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  1. Modeling directed graphs with differentiable representations is a fundamental requirement for performing machine learning on graph-structured data. Geometric embedding models (e.g. hyperbolic, cone, and box embeddings) excel at this task, exhibiting useful inductive biases for directed graphs. However, modeling directed graphs that both contain cycles and some element of transitivity, two properties common in real-world settings, is challenging. Box embeddings, which can be thought of as representing the graph as an intersection over some learned super-graphs, have a natural inductive bias toward modeling transitivity, but (as we prove) cannot model cycles. To this end, we propose binary code box embeddings, where a learned binary code selects a subset of graphs for intersection. We explore several variants, including global binary codes (amounting to a union over intersections) and per-vertex binary codes (allowing greater flexibility) as well as methods of regularization. Theoretical and empirical results show that the proposed models not only preserve a useful inductive bias of transitivity but also have sufficient representational capacity to model arbitrary graphs, including graphs with cycles. 
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  2. Modeling directed graphs with differentiable representations is a fundamental requirement for performing machine learning on graph-structured data. Geometric embedding models (e.g. hyperbolic, cone, and box embeddings) excel at this task, exhibiting useful inductive biases for directed graphs. However, modeling directed graphs that both contain cycles and some element of transitivity, two properties common in real-world settings, is challenging. Box embeddings, which can be thought of as representing the graph as an intersection over some learned super-graphs, have a natural inductive bias toward modeling transitivity, but (as we prove) cannot model cycles. To this end, we propose binary code box embeddings, where a learned binary code selects a subset of graphs for intersection. We explore several variants, including global binary codes (amounting to a union over intersections) and per-vertex binary codes (allowing greater flexibility) as well as methods of regularization. Theoretical and empirical results show that the proposed models not only preserve a useful inductive bias of transitivity but also have sufficient representational capacity to model arbitrary graphs, including graphs with cycles.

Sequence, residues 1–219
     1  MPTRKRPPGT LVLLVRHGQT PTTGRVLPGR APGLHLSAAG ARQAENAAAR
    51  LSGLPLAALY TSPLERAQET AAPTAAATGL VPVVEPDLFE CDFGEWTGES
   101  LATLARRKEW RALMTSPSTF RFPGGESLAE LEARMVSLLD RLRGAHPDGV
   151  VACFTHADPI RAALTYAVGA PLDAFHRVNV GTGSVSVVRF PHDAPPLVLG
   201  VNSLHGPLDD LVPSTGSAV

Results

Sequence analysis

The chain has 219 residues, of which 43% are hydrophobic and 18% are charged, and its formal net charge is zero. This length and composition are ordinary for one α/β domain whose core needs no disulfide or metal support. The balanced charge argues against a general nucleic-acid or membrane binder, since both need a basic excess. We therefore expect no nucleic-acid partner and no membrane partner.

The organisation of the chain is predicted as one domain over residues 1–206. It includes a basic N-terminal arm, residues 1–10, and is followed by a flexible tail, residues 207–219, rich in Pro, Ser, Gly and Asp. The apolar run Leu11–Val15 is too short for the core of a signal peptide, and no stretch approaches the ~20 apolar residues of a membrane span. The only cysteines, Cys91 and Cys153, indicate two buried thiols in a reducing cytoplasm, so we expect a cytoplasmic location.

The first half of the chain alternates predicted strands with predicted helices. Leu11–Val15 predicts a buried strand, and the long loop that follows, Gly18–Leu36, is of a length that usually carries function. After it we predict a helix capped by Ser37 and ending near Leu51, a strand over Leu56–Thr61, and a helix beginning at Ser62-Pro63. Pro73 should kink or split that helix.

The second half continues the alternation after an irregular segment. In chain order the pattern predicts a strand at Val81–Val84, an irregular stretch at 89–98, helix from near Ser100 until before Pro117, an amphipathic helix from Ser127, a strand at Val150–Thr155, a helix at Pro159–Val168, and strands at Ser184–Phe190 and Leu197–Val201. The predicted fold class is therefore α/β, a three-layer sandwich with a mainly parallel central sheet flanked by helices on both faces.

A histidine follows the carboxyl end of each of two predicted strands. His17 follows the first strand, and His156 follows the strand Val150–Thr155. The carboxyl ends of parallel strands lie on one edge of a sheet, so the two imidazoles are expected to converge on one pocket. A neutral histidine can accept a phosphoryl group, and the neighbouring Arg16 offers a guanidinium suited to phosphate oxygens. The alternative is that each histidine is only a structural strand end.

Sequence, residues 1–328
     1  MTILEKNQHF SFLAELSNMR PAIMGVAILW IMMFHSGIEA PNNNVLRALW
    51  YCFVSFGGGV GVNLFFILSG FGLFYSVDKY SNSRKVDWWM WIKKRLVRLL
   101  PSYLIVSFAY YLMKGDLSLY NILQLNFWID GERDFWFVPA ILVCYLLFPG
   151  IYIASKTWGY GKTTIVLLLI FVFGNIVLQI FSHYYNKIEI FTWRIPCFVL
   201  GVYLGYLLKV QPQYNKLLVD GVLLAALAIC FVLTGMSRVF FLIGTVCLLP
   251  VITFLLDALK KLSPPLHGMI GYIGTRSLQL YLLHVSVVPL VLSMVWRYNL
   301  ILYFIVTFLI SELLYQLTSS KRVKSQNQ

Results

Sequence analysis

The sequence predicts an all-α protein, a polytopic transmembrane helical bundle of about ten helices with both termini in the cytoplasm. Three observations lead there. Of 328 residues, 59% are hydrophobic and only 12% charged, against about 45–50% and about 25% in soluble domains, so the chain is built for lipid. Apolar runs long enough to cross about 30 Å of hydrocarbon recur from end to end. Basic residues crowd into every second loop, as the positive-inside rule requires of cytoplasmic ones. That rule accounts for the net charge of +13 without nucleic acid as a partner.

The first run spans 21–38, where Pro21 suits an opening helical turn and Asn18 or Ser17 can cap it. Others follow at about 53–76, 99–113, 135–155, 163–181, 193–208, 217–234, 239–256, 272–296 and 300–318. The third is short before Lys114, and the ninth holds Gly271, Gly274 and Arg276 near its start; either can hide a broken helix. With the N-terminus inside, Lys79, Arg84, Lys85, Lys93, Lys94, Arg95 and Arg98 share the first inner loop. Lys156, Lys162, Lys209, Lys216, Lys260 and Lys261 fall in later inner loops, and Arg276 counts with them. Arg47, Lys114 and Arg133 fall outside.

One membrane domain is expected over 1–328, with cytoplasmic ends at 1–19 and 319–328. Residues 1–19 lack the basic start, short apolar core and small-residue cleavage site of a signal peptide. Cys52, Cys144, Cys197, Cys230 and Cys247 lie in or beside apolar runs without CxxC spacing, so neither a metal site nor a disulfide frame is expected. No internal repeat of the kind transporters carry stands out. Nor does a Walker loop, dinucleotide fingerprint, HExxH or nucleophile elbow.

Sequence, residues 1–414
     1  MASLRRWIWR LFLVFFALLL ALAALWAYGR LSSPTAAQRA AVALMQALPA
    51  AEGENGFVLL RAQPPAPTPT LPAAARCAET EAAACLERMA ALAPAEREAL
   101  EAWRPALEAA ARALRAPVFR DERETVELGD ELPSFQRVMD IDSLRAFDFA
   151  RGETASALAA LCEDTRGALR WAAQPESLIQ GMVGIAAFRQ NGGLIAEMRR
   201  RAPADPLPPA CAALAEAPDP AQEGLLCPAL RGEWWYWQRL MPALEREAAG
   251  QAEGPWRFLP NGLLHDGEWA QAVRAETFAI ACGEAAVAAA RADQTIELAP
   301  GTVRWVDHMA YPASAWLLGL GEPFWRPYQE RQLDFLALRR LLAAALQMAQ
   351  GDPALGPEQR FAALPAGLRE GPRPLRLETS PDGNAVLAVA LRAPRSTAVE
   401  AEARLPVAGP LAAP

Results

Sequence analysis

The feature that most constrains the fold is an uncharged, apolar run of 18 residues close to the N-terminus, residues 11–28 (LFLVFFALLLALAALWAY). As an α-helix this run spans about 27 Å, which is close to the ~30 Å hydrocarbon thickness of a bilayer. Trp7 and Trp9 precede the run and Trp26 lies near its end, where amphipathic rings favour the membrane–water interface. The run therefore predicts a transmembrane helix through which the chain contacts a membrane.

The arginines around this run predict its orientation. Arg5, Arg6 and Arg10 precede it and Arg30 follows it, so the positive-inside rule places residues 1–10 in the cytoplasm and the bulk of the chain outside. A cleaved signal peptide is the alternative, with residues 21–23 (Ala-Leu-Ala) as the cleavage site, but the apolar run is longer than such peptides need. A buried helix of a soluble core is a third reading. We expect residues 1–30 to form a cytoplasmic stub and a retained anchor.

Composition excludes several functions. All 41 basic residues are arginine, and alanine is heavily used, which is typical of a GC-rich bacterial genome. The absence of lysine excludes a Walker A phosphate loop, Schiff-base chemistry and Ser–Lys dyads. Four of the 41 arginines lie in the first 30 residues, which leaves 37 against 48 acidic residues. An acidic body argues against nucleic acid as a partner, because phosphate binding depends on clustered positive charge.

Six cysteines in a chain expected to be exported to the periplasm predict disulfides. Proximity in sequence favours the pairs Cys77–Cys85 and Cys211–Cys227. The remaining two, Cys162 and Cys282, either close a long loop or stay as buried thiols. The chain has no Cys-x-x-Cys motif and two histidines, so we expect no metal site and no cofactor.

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  3. A wide variety of machine learning tasks such as knowledge base completion, ontology alignment, and multi-label classification can benefit from incorporating into learning differentiable representations of graphs or taxonomies. While vectors in Euclidean space can theoretically represent any graph, much recent work shows that alternatives such as complex, hyperbolic, order, or box embeddings have geometric properties better suited to modeling real-world graphs. Experimentally these gains are seen only in lower dimensions, however, with performance benefits diminishing in higher dimensions. In this work, we introduce a novel variant of box embeddings that uses a learned smoothing parameter to achieve better representational capacity than vector models in low dimensions, while also avoiding performance saturation common to other geometric models in high dimensions. Further, we present theoretical results that prove box embeddings can represent any DAG. We perform rigorous empirical evaluations of vector, hyperbolic, and region-based geometric representations on several families of synthetic and real-world directed graphs. Analysis of these results exposes correlations between different families of graphs, graph characteristics, model size, and embedding geometry, providing useful insights into the inductive biases of various differentiable graph representations. 
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